The following is an example on the official website:

import pandas as pd

from pyspark.sql.functions import col, pandas_udf
from pyspark.sql.types import LongType

# Declare the function and create the UDF
def multiply_func(a, b):
    return a * b

multiply = pandas_udf(multiply_func, returnType=LongType())

# The function for a pandas_udf should be able to execute with local Pandas data
x = pd.Series([1, 2, 3])
print(multiply_func(x, x))
# 0    1
# 1    4
# 2    9
# dtype: int64

# Create a Spark DataFrame, 'spark' is an existing SparkSession
df = spark.createDataFrame(pd.DataFrame(x, columns=["x"]))

# Execute function as a Spark vectorized UDF
df.select(multiply(col("x"), col("x"))).show()
# +-------------------+
# |multiply_func(x, x)|
# +-------------------+
# |                  1|
# |                  4|
# |                  9|
# +-------------------+

First, udf and multiply_func are defined. The main function is to multiply the data of rows corresponding to column a and column b to obtain the result. Then, the Pandas UDF is generated through the pandas_udf decorator. Finally, the df.select method is used to call the Pandas UDF to obtain the result. It should be noted here that the input and output data of pandas_udf are vectorized data, and multiple rows are contained, which can be set according to spark.sql.execution.arrow.maxRecordsPerBatch.

It can be seen that the Pandas UDF is very simple to use, and only needs to be defined. With the Pandas UDF, we can easily integrate deep learning frameworks with Spark. For example, if we use some deep learning frameworks, such as scikit-learn, in the UDF, we can separately train data in batches. The following is a simple example of using the Pandas UDF for training:

# Load necessary libraries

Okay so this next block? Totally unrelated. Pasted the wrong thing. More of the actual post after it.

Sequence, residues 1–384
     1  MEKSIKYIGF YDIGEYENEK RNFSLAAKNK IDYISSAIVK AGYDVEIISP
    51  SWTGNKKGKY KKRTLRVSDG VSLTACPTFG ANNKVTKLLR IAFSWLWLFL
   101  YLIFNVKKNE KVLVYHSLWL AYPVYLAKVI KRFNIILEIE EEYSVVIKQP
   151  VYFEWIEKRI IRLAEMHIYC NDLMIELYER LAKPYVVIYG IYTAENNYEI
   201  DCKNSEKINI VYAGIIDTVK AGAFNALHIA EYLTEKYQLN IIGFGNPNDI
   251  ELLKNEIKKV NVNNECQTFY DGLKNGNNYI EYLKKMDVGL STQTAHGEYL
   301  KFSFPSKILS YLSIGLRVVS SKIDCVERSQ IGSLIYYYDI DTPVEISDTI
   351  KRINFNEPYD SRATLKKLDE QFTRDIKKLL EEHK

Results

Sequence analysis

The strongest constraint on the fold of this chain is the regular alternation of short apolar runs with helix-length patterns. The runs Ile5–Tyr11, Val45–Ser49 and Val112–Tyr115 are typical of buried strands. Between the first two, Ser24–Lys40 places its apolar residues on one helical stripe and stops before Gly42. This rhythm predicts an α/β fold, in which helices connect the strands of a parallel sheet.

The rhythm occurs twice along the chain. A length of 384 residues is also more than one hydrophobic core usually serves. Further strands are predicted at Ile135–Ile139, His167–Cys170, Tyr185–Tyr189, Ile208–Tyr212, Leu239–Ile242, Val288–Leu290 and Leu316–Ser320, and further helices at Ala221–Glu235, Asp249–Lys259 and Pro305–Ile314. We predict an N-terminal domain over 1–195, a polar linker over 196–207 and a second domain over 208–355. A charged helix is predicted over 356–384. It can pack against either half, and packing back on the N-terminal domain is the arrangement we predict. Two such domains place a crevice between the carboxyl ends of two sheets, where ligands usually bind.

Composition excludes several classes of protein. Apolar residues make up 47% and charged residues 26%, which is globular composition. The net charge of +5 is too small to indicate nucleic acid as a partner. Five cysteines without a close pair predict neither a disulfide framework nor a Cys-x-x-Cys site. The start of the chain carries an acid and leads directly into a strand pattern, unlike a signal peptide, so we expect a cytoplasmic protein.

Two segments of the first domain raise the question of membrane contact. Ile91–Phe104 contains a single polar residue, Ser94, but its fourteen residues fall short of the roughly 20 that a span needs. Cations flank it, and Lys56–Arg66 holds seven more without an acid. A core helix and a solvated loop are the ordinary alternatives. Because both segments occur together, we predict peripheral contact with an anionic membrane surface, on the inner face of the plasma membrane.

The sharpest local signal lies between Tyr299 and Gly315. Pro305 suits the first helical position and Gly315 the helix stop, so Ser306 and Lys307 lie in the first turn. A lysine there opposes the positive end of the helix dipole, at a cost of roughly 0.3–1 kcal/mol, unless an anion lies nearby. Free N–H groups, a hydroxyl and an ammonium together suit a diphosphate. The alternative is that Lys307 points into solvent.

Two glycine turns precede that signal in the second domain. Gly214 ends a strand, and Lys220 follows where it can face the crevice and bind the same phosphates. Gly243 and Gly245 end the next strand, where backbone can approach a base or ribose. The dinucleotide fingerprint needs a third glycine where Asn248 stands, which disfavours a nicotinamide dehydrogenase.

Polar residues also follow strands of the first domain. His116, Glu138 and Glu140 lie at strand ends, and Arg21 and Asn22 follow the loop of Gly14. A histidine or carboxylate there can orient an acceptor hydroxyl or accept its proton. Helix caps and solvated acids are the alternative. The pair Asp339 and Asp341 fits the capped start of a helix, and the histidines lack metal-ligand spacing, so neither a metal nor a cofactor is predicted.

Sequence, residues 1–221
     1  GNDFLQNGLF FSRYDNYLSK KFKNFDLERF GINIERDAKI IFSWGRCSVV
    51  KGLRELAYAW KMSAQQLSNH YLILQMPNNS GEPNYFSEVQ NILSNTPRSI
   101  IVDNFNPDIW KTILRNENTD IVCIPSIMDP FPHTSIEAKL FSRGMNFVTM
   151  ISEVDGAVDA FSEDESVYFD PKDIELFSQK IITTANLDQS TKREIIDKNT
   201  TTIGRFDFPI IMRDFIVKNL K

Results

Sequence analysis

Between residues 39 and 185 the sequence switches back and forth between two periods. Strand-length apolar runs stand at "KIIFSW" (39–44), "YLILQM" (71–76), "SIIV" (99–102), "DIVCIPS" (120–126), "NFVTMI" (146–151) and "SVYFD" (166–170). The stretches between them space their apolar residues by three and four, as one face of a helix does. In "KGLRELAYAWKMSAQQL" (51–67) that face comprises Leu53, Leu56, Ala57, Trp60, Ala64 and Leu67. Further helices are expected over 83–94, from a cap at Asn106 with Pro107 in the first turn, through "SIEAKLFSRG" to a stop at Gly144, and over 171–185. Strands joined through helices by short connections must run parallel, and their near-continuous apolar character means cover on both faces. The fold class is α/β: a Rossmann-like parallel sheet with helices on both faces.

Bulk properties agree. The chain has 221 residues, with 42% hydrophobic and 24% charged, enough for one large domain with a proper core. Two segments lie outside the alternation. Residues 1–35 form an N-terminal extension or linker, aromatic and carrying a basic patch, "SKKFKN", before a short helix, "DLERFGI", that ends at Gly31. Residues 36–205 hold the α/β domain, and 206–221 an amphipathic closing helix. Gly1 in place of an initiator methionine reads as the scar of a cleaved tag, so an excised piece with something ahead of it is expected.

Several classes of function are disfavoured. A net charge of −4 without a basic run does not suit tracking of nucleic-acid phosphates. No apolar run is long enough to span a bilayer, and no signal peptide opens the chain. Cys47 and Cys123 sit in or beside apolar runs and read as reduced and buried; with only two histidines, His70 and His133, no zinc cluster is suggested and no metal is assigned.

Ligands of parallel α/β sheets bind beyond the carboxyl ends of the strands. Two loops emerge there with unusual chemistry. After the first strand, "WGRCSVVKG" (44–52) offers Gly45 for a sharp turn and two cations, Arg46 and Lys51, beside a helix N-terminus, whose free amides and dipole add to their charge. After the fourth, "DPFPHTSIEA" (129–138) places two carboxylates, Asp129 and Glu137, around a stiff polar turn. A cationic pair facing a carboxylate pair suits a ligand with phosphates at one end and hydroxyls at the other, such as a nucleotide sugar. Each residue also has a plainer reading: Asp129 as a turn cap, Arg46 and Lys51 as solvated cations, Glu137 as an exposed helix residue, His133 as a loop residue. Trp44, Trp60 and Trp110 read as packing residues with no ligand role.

from pyspark.sql.functions import pandas_udf, PandasUDFType
from pyspark.sql.types import *
import pandas as pd
from scipy.optimize import leastsq
import numpy as np

# Create the schema for the resulting data frame
schema = StructType([StructField('ID', LongType(), True),
                     StructField('p0', DoubleType(), True),
                     StructField('p1', DoubleType(), True)])
# Define the UDF, input and outputs are Pandas DFs
@pandas_udf(schema, PandasUDFType.GROUPED_MAP)
def analyze_player(sample_pd):
    # return empty params in not enough data
    if (len(sample_pd.shots) <= 1):
        return pd.DataFrame({'ID': [sample_pd.player_id[0]], 
                                   'p0': [ 0 ], 'p1': [ 0 ]})
    # Perform curve fitting     
    result = leastsq(fit, [1, 0], args=(sample_pd.shots, 
    # Return the parameters as a Pandas DF 
    return pd.DataFrame({'ID': [sample_pd.player_id[0]], 
                       'p0': [result[0][0]], 'p1': [result[0][1]]})
# perform the UDF and show the results 
player_df = df.groupby('player_id').apply(analyze_player)

In addition, TensorFlow and MXNet can also be used for integration with Spark. Alibaba Cloud EMR Data Science cluster will launch corresponding functions in the near future, to integrates the scheduling and data exchange functions between EMR Spark and deep learning frameworks.